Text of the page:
Baylisascaris procyonis is a common roundworm of raccoons that causes severe clinical disease in many vertebrates, including humans. The distribution of B. procyonis in the US is poorly documented in portions of its range and has not been reported from Wyoming. Our objectives were to determine the statewide distribution and prevalence of this parasite in raccoons in Wyoming, using intestinal and fecal examinations. We examined 363 raccoons from 23 Wyoming counties in 2009–11, testing the reliability of two methods (intestinal extrusion and incision) to determine worm burdens. We found 163 raccoons (45%) positive for B. procyonis. The two methods of examination did not differ, although extrusion missed some infections. Neither age nor sex affected apparent prevalence or worm burdens. Prevalence did not differ with land use, yet burden was highest among rural raccoons. Fecal examination revealed that juvenile raccoons had a higher proportion of patent infections than adults, but neither sex nor location were indicators of prevalence. Egg density (eggs per gram of feces) did not differ by sex or age; however, rural raccoons had higher egg densities than urban/suburban animals. Understanding the distribution and prevalence of B. procyonis in Wyoming, especially in and around highly populated areas, is an important step in educating the general public and medical community on the potential risks of raccoon roundworm infection.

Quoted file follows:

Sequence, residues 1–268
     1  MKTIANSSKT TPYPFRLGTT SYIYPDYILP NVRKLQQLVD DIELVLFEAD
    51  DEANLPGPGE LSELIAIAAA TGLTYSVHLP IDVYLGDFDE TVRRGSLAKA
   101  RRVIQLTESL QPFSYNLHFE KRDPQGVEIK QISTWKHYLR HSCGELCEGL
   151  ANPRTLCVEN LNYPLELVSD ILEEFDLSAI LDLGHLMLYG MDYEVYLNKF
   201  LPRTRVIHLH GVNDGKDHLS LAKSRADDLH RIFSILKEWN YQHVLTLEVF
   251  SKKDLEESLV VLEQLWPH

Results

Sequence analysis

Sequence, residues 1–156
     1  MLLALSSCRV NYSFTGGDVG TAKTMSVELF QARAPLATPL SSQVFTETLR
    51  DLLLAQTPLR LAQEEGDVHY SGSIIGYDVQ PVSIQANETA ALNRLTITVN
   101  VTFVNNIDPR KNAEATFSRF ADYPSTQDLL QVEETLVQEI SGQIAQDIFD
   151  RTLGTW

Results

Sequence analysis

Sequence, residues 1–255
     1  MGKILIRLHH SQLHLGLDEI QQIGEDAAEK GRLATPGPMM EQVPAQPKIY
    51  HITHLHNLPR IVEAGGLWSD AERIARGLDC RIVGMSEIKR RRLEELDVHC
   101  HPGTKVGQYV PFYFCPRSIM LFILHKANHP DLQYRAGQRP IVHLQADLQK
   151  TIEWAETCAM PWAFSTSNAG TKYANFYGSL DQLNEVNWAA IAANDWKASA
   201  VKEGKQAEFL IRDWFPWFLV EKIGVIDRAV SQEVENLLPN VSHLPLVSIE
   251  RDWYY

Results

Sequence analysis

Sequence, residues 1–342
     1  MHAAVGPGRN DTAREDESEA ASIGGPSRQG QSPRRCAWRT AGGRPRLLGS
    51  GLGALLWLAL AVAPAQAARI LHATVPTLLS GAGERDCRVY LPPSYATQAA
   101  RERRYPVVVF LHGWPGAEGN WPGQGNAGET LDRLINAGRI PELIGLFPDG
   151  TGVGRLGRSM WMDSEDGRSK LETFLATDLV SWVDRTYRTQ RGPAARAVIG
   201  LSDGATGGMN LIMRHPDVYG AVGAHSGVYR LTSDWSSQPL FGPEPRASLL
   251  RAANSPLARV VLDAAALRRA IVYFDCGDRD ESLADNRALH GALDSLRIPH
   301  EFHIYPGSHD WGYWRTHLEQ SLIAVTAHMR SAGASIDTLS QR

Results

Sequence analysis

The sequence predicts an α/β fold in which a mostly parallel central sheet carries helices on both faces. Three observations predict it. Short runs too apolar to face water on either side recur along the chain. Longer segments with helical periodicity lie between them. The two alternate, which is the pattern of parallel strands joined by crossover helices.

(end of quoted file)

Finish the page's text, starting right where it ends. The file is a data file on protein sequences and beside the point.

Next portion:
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Vol. 50 • No. 4